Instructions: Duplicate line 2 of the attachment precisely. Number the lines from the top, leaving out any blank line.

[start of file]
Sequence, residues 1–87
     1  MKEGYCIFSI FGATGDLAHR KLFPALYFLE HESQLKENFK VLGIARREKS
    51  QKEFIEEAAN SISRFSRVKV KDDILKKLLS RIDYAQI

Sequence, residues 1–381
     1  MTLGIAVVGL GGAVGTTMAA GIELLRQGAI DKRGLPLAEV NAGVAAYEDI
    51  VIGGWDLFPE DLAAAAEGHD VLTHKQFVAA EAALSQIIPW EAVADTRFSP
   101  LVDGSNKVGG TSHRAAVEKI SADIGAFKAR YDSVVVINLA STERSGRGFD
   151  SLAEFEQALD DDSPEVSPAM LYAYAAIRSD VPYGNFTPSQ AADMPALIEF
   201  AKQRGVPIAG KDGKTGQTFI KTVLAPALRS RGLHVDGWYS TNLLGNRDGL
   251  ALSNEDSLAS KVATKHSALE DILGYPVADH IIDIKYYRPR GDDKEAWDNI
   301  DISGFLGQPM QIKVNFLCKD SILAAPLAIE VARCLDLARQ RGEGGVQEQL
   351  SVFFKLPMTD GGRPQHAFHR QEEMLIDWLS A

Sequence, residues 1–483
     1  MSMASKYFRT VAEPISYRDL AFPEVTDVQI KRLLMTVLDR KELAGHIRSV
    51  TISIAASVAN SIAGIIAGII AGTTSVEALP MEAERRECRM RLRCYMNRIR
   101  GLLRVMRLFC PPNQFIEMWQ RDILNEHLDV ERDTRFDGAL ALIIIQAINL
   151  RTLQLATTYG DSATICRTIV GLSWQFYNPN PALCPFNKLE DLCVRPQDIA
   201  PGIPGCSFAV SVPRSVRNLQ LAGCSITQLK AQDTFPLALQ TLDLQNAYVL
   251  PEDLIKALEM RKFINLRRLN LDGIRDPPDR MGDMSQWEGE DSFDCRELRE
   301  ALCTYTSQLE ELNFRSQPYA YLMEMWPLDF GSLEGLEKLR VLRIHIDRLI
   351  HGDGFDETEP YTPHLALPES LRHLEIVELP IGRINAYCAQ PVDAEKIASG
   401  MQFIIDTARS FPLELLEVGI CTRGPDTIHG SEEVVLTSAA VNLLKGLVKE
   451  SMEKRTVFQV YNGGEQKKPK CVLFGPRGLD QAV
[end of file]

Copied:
     1  MKEGYCIFSI FGATGDLAHR KLFPALYFLE HESQLKENFK VLGIARREKS